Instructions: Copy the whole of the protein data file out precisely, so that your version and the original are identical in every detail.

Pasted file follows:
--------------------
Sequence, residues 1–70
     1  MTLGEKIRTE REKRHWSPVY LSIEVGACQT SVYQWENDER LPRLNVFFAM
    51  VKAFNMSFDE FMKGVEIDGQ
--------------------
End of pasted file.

Sequence, residues 1–70
     1  MTLGEKIRTE REKRHWSPVY LSIEVGACQT SVYQWENDER LPRLNVFFAM
    51  VKAFNMSFDE FMKGVEIDGQ